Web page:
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rurikw
rurikw Veteran Member • Posts: 3,201
Re: Collapsing Building

D Cox wrote:

rurikw wrote:

D Cox wrote:

Autonerd wrote:

grisog wrote:

Everyone, THANK YOU! Now I understand why its happening and what I need to do different. Also, thanks for showing me how it can be fixed,

In addition to what was said above, I think a wider angle (which you would be using if standing closer) will exacerbate the problem, as a wider angle distorts more. If you can get further back and zoom in, you'll have less rounding.

For photographing buildings, they used to use view cameras or "shift" lenses that could move relative to the film plane. Perspective correction in post is cheaper and easier.

Aaron

Shift lenses are really just ultra-wide lenses (which the OP already has) with cropping in the camera. The film or plate still has to be kept exactly vertical to avoid converging verticals in the building.

Shift lenses have a larger image circle and a mechanism to move the frame within the image circle so that it gives the desired view while keeping the sensor plane vertical. Most commonly the lens is shifted upwards (or the sensor downwards) so you can get the whole building in the frame, yet leave out most of the lawn, road, parking lot or whatever irrelevant foreground you want to eliminate.

That is cropping of the image in the camera. Only a part of the image circle is used.

Of course, in that sense all images are cropped as they record only part of the IC. But with a shift lens you get the full AoV and resolution of your sensor whereas with a normal WA lens you'd lose some.

There's no cropping of the sensor area involved as opposed to when cropping or keystoning with a WA lens so quite different beasts.

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ken_in_nh Senior Member • Posts: 1,100
Re: Collapsing Building

This discussion is interesting, but nothing new to anyone who used to use a view camera.

For you youngsters, view cameras were generally 4x5" sheet film cameras that allowed shifting and tilting of the front lens board (so thus the lens) and sometimes the back too.  The photographer has many axes of control with the best of them, including rising fronts and various rotations.  Of course, this style of photography is not for folks in a hurry!

Linhof and Horseman were major manufacturers.  And these things are still being made, because they offer unique advantages for certain kinds of studio and technical photography.  You can get digital backs too, if you can afford them!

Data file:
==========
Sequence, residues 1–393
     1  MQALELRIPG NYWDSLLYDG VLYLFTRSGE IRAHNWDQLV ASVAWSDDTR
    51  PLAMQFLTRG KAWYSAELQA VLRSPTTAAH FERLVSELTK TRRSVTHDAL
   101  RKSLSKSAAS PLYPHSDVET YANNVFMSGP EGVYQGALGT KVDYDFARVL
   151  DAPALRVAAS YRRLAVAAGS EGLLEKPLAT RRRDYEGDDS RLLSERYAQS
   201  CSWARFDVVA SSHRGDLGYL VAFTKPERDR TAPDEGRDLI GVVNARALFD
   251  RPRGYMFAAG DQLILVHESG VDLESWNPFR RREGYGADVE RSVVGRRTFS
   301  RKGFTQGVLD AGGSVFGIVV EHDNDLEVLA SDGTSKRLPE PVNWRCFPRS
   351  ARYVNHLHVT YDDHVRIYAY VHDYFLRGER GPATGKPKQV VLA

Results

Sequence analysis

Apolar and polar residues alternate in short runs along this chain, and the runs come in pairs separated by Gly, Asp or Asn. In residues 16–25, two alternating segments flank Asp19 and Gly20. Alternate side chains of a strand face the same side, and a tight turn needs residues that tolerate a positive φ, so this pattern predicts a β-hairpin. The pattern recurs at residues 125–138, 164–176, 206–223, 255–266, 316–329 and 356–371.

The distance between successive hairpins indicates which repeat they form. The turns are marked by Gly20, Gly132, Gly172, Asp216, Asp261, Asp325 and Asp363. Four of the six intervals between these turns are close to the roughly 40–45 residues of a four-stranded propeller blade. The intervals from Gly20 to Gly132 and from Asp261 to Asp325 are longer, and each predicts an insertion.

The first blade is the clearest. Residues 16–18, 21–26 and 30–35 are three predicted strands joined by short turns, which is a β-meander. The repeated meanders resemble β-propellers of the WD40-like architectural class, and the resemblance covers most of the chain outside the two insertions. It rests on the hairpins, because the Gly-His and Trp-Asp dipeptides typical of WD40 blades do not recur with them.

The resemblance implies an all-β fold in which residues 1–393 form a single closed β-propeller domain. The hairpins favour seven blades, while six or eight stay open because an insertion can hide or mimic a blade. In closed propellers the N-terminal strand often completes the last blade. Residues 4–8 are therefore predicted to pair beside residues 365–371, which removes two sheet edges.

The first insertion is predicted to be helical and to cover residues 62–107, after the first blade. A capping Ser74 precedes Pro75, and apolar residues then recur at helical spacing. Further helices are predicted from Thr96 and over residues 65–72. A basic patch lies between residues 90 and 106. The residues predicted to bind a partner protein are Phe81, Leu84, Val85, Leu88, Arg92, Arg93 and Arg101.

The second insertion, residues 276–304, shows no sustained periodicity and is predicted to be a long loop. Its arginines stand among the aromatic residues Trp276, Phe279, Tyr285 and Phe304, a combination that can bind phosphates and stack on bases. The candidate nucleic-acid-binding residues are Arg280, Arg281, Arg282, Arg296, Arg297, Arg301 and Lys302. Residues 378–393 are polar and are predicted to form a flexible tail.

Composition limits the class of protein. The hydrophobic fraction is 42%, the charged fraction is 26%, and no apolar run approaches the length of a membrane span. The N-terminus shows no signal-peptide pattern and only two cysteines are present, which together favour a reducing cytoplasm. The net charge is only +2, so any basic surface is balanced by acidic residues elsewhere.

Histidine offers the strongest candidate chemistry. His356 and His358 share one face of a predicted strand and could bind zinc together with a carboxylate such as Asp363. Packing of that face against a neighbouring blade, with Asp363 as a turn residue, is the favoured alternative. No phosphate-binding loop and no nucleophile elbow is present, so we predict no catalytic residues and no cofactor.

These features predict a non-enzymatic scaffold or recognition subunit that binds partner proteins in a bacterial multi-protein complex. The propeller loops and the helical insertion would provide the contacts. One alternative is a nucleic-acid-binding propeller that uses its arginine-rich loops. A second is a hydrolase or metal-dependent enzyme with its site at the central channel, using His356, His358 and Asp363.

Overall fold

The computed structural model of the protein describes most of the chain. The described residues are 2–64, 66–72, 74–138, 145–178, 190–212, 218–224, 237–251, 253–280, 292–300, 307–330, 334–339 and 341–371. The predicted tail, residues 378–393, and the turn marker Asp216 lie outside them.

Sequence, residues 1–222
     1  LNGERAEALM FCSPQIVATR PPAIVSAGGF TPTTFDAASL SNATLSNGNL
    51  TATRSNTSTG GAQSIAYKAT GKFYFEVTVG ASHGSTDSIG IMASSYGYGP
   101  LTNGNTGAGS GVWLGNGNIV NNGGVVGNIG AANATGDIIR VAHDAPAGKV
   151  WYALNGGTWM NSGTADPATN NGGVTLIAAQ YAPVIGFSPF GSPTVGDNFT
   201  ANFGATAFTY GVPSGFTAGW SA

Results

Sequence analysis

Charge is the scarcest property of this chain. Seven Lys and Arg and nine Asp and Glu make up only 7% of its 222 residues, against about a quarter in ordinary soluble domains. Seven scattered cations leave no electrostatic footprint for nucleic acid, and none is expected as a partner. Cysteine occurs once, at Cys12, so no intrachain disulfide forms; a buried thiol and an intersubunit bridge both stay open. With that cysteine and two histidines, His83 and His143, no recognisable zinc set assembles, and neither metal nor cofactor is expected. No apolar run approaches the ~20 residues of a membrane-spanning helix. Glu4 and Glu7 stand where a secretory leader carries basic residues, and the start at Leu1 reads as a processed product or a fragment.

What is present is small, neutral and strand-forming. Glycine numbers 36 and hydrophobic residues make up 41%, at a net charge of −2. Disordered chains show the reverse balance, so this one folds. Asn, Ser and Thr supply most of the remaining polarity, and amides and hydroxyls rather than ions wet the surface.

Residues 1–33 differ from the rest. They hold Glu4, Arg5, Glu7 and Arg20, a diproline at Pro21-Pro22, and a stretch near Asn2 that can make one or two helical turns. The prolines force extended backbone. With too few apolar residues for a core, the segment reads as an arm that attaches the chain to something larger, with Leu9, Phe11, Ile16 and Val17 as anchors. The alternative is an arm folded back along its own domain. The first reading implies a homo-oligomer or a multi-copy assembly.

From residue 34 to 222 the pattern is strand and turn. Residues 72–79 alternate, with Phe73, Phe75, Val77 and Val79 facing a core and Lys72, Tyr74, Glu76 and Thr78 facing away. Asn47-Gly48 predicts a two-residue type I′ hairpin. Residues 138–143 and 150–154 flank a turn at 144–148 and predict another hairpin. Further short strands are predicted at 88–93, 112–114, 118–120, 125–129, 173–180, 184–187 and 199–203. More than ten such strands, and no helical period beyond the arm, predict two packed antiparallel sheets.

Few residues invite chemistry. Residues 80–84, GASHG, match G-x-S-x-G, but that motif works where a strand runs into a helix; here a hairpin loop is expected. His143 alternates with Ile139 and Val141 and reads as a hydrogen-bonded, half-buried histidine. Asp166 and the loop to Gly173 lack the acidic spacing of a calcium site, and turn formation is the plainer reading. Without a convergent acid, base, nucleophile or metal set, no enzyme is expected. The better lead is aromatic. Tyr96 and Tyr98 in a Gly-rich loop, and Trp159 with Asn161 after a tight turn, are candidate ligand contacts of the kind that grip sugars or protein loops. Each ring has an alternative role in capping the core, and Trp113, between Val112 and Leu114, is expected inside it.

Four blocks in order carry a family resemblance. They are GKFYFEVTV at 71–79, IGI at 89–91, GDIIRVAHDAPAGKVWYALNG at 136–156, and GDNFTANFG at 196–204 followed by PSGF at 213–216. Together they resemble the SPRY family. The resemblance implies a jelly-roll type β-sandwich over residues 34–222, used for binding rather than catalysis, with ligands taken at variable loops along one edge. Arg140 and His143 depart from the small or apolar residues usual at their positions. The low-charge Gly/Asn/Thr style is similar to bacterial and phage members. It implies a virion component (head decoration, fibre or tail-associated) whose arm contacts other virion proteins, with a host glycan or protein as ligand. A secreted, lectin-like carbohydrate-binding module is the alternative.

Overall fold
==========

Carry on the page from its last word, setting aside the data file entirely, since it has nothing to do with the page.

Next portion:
Christof21 Veteran Member • Posts: 5,036
Re: Collapsing Building

Hello,

Correction perspective is a perfect correction.

I mean It is exactly the same result as using a wider angle lens, pointing straight and cropping, except that you loose less resolution ! So I recommend post processing over using a wider angle lens ofc.

Shift lenses can give better result, but perspective correction is almost as good. Note that shift lenses do not really have less distorsion compared to wide angle lenses, all are exactly the same (after correction) .

The other alternative is to step back. If you use perspective correction, you will need less correction.

Again, perspective correction is a very good solution. I personnaly think that shift lenses are not really needed in most cases, save your money

D Cox Forum Pro • Posts: 27,602
Re: Collapsing Building

petrochemist wrote:

Jestertheclown wrote:

D Cox wrote:

Autonerd wrote:

grisog wrote:

Everyone, THANK YOU! Now I understand why its happening and what I need to do different. Also, thanks for showing me how it can be fixed,

In addition to what was said above, I think a wider angle (which you would be using if standing closer) will exacerbate the problem, as a wider angle distorts more. If you can get further back and zoom in, you'll have less rounding.

For photographing buildings, they used to use view cameras or "shift" lenses that could move relative to the film plane. Perspective correction in post is cheaper and easier.

Aaron

Shift lenses are really just ultra-wide lenses (which the OP already has) with cropping in the camera. The film or plate still has to be kept exactly vertical to avoid converging verticals in the building.

Don Cox

Not all shift lenses are wide angles Both Nikon & Canon make FF models with focal lengths of 85-90mm see PC-E Nikkor 85mm f/2.8D TS-E 90mm f/2.8

Even these cover a wider angle of view than ordinary 90mm lenses. What makes a lens "wide angle" is the image circle diameter relative to the focal length. For example, I have a 60mm lens that covers 5x4 inch as a wide angle.